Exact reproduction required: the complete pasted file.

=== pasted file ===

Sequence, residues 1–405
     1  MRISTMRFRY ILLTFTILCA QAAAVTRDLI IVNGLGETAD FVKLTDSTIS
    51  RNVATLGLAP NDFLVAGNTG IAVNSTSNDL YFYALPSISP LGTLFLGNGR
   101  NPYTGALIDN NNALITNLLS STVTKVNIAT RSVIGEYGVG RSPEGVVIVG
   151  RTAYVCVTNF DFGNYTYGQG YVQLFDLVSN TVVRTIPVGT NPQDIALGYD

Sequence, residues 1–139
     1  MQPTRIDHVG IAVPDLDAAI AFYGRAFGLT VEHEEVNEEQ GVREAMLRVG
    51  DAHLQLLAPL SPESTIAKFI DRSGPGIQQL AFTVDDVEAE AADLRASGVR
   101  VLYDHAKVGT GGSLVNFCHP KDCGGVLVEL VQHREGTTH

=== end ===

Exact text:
Sequence, residues 1–405
     1  MRISTMRFRY ILLTFTILCA QAAAVTRDLI IVNGLGETAD FVKLTDSTIS
    51  RNVATLGLAP NDFLVAGNTG IAVNSTSNDL YFYALPSISP LGTLFLGNGR
   101  NPYTGALIDN NNALITNLLS STVTKVNIAT RSVIGEYGVG RSPEGVVIVG
   151  RTAYVCVTNF DFGNYTYGQG YVQLFDLVSN TVVRTIPVGT NPQDIALGYD

Sequence, residues 1–139
     1  MQPTRIDHVG IAVPDLDAAI AFYGRAFGLT VEHEEVNEEQ GVREAMLRVG
    51  DAHLQLLAPL SPESTIAKFI DRSGPGIQQL AFTVDDVEAE AADLRASGVR
   101  VLYDHAKVGT GGSLVNFCHP KDCGGVLVEL VQHREGTTH